"Let's get out of London this weekend." Having thought about the prospect for the last few minutes as I finely chopped an onion for our shepherd's pie, I put the thought out to Liam, threw the contents of my chopping board into the sizzling saucepan on the hob and waited for a response.
Ahead of us was one lone, clutter-free weekend, which had escaped being made part of our extraordinarily busy summer schedule, which was seemingly packed, fit-to-burst with weekend weddings, birthdays and dutiful trips to see family.
"Sure, what do you have in mind?" Liam replied, washing the potatoes over the sink.
"How about Brighton?" I suggested.
We'd been to Brighton a couple of times recently. Lovely seaside town. I couldn't get enough of the place. I could just see myself pottering about the bohemian cafes, silver shops and buying rock and candyfloss along the promenade. Problem was, every time I visited I felt more inclined to move there. Liam, who insists regularly that 'we can't say we've lived in London until we've lived at least a year in Zone 2', avoids any chance I might find to whinge about central London. It was for this reason, I suspected, that his expression looked less than thrilled about the idea.
"Kew Gardens?" He offered.
"That's not out the city - it's near Richmond." I threw the lamb mince into the pan, and poked it with a wooden spoon for a bit.
With no car, we were always going to be a bit limited finding somewhere outside of London, where we can return the same day, and still make the journey worth doing. After shooting down suggestions like, Southend, Bournemouth and then Cornwall- to which I received a snooty, ‘you do know that it takes seven hours or so by train, don't you?’- a thought popped in my mind.
"How about going back to Bognor Regis?" I asked, turning the meat with my spoon until the pink slowly disappeared and it turned a light brown. "You know, visit the little bungalow I used to go to when I was little...?"
"Bognor?" He asked doubtfully.
"- It's not as crap as you might think..." I replied defensively, before he could launch into a speech detailing all the reasons we shouldn't go to Bognor. "The place I went to was sweet and it had a lovely beach - large pebbles, not gritty sand in your socks." I added tactically. "There's Arundel Castle nearby... and Chichester a little way up. Besides, I think I'd quite like to go back, it's been almost eight years."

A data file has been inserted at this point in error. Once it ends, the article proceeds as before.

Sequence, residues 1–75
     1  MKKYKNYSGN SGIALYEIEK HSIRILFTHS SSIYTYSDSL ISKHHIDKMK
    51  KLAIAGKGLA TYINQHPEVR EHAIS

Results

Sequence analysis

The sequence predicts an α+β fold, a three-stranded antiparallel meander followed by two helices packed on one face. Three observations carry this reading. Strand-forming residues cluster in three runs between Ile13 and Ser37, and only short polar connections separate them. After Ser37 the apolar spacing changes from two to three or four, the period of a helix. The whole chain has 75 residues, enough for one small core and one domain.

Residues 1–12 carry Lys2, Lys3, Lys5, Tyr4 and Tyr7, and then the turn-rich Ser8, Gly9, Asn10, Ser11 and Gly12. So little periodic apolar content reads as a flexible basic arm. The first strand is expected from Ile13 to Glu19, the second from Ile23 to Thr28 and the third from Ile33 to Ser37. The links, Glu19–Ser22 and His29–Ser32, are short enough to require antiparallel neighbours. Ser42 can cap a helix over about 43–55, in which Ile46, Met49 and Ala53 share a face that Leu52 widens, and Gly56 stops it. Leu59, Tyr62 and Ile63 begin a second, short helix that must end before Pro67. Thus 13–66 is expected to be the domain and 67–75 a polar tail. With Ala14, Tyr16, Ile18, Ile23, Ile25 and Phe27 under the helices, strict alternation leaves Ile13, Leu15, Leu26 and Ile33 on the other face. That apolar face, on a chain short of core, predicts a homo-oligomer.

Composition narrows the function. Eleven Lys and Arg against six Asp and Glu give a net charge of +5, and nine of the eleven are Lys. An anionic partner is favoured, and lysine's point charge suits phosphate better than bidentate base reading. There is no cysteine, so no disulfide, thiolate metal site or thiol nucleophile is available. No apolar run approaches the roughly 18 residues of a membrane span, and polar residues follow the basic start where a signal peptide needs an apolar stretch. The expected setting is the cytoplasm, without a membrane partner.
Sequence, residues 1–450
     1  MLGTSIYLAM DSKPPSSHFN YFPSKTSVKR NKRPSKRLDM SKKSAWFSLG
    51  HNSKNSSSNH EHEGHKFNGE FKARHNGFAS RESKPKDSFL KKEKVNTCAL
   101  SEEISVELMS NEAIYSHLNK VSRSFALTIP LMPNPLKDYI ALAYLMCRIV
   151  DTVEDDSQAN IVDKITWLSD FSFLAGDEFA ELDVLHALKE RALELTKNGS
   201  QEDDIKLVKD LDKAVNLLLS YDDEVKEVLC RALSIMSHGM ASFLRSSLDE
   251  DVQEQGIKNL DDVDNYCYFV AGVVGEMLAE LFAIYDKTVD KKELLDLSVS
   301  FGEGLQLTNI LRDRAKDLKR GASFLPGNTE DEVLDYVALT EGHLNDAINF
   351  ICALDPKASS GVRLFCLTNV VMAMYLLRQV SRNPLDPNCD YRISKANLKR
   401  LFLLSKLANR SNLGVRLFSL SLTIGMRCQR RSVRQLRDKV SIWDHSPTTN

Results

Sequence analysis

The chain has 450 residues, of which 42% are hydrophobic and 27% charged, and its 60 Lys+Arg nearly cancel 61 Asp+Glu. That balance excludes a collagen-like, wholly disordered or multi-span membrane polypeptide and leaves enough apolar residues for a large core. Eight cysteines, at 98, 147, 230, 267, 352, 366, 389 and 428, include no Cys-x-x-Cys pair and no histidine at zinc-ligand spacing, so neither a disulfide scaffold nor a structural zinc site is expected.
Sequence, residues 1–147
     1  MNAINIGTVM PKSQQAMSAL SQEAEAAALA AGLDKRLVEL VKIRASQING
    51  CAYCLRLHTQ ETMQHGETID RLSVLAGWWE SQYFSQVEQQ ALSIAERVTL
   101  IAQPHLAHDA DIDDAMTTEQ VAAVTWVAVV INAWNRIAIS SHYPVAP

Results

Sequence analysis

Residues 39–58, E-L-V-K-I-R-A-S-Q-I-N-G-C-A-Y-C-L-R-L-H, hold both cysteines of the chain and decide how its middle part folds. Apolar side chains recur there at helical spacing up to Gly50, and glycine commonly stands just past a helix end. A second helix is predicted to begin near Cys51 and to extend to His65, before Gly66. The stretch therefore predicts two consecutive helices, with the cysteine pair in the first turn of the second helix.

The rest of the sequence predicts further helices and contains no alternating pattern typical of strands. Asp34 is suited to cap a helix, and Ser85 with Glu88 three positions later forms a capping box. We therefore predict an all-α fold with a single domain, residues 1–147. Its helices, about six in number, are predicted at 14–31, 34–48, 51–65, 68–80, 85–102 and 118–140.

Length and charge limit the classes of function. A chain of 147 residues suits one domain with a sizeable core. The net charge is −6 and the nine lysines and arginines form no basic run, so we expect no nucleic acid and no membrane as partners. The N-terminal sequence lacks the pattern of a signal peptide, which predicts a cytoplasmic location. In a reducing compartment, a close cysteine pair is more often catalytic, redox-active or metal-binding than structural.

"Okay..." He said as he turned the gas on full whilst flicking the lighter with his thumb simultaneously. The hob jumped into action and he pulled his hand away quickly, before placing a lid firmly on the saucepan of potatoes.
"I've been thinking a lot about the old bungalow recently. I’m not sure why..." My sentence drifted off into my own thoughts for a while as I absentmindedly stirred the meat and stared pointedly at the wall tiles by the cooker. A couple of minutes of silence passed before I asked quietly, "Do you think a lot will have changed?"
"I don't know. But I should imagine so." Liam turned to face me. "Look, I don't mind going at all..." He wrapped his arms gently around me. "But are you absolutely sure you want to go back? Might not be as good as you remember."
It was a difficult one. Should you ever go back?
What if I went back to the little white bungalow and the familiar smells and sights had not only lost their sparkle and excitement, but with my critical adult eyes, what if I cruelly focused on the cracks and not the charm of the place? I pondered quietly over what to do, weighing up the pros and cons throughout our shepherd's pie dinner (which turned out wonderfully), wondering right through a rather interesting documentary on seals, and by the time I was stood by the sink, brushing my teeth before bed, I still hadn't made a decision on what to do. So, as it's best to do with all rather difficult decisions, I slept on it.